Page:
Note that a square matrix of order 1 is just a number.
Example The following matrices A, B , C are square matrices. A= 52
13 AMA1061 (By Catherine Liu) ⎡ ⎤
⎡
⎤
203
200
, B = ⎣ 4 1 0 ⎦, C = ⎣ 0 1 0 ⎦
724
004
Lecture 1 Matrices and Determinants 17/09/2012 16 / 46 Outline Introduction Determinants Basic Properties Cramer’s rule for linear equations Determinants of higher order Diagonal elements If A = [aij ] is a square matrix of order n, then the
entries a11 , a22 , . . . , ann are the diagonal elements of
A. For example, the diagonal elements of the matrix
⎡
⎤
2 5 −3
A = ⎣ 3 −1 7 ⎦
204
are 2, −1, 4. AMA1061 (By Catherine Liu) Lecture 1 Matrices and Determinants 17/09/2012 17 / 46 Outline Introduction Determinants Basic Properties Cramer’s rule for linear equations Determinants of higher order Diagonal matrix
A diagonal matrix is a square matrix whose entries are all zero except
possibly the diagonal elements. Example
The matrices
⎡ ⎤
200
A = ⎣ 0 −1 0 ⎦
004 are diagonal matrices. ⎡ ⎤
200
and B = ⎣ 0 1 0 ⎦
000 We use diag(a11 , . . . , ann ) to denote the diagonal matrix of order n whose
diagonal elements are a11 , . . . , ann . For example, the matrix B above can be
represented by diag(2, 1, 0). AMA1061 (By Catherine Liu) Lecture 1 Matrices and Determinants 17/09/2012 18 / 46 Outline Introduction Determinants Basic Properties Cramer’s rule for linear equations Determinants of higher order Identity matrix
A diagonal matrix whose diagonal elements are all unity is called an identity
matrix . It is denoted by In if the speciﬁcation of its order n is necessary.
Usually we denote it simply by I . Example
The matrices
I2 =
are identity matrices. 10
01 , ⎡ ⎤
100
I3 = ⎣ 0 1 0 ⎦ ,
001 Theorem
If A is a square matrix of order n and I the identity matrix of the same order
then AI = IA = A. AMA1061 (By Catherine Liu) Lecture 1 Matrices and Determinants 17/09/2012 19 / 46 Outline Introduction Determinants Basic Properties Cramer’s rule for linear equations Determinants of higher order Determinant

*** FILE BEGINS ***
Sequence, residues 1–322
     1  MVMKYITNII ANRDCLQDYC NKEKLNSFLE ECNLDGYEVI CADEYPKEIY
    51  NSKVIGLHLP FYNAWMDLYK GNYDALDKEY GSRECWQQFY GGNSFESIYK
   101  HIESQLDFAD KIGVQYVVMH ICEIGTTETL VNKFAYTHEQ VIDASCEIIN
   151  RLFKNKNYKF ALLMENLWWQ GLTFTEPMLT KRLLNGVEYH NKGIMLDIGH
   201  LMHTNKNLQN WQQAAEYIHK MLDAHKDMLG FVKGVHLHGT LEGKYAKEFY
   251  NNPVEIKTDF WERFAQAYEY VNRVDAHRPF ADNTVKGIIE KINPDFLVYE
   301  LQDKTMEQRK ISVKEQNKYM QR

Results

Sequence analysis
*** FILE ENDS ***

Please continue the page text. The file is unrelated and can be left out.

Using matrix terminology, a determinant is deﬁned for every square matrix. If
A is a square matrix, then a determinant is formed and is called the
determinant of A and is denoted by det A or det(A).
For example, let
⎤
⎡
3
2 −1
0 ⎦.
A = ⎣ 2 −1
(2)
2
3
1
Then det A = AMA1061 (By Catherine Liu) 3
2 −1
2 −1
0
2
3
1 = −15. Lecture 1 Matrices and Determinants (3) 17/09/2012 20 / 46 Outline Introduction Determinants Basic Properties Cramer’s rule for linear equations Determinants of higher order Second-order determinants
By a determinant of the second order we mean the symbol
a1 b1 a2 b2 which represents the number a1 b2 − a2 b1 evaluated in the following way:
a1 b1 a2 b2 The second order determinant has two (horizontal) rows and two (vertical)
columns1 . 1 Afterward Ri is for row i and Cj for column j in this course. AMA1061 (By Catherine Liu) Lecture 1 Matrices and Determinants 17/09/2012 21 / 46 Outline Introduction Determinants Basic Properties Cramer’s rule for linear equations Determinants of higher order Cramer’s rule
Consider a system of two linear equations in two unknowns x and y :
a 1 x + b 1 y = k1
a 2 x + b 2 y = k2 (4) An ordered pair of numbers (x , y ) is said to be a solution of the system if x and y satisfy the equations in the system. By some
calculation, if a1 b2 − a2 b1 ∕= 0, the solution is given by x= k1 b 2 − k2 b 1 , y= , a1 b2 − a2 b1 a 1 k2 − a 2 k1 y= a1 b2 − a2 b1 (5) . With the notation of determinants, we may now write (5) as x= k1
k2 b1
b2 ÷ a1
a2 b1 k1 a2 b2 a1 k2 ÷ a1 b1 a2 b2 (6) . The formulas (6) are called Cramer’s rule in which we assume that the denominator
a1
a2 AMA1061 (By Catherine Liu) b1
b2 ∕= 0. Lecture 1 Matrices and Determinants 17/09/2012 22 / 46 Outline Introduction Determinants Basic Properties Cramer’s rule for linear equations Determinants of higher order Examples
Example
Solve the following linear system by Cramer’s rule.
2x +3y =4
4x + y = −2 Solution.
Using Cramer’s rule (6), we get
x= 4 3 −2 1 ÷ 2 3 4 1 AMA1061 (By Catherine Liu) = 10